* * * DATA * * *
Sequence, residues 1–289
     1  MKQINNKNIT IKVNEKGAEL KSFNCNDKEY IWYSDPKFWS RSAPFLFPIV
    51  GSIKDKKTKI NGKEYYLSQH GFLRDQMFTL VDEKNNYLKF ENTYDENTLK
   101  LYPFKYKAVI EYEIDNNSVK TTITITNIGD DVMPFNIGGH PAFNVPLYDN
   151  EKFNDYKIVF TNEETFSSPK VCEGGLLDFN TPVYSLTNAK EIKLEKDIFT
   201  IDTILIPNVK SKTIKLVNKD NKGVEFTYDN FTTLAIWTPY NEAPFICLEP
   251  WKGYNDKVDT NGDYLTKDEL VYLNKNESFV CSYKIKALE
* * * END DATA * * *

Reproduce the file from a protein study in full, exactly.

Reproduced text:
Sequence, residues 1–289
     1  MKQINNKNIT IKVNEKGAEL KSFNCNDKEY IWYSDPKFWS RSAPFLFPIV
    51  GSIKDKKTKI NGKEYYLSQH GFLRDQMFTL VDEKNNYLKF ENTYDENTLK
   101  LYPFKYKAVI EYEIDNNSVK TTITITNIGD DVMPFNIGGH PAFNVPLYDN
   151  EKFNDYKIVF TNEETFSSPK VCEGGLLDFN TPVYSLTNAK EIKLEKDIFT
   201  IDTILIPNVK SKTIKLVNKD NKGVEFTYDN FTTLAIWTPY NEAPFICLEP
   251  WKGYNDKVDT NGDYLTKDEL VYLNKNESFV CSYKIKALE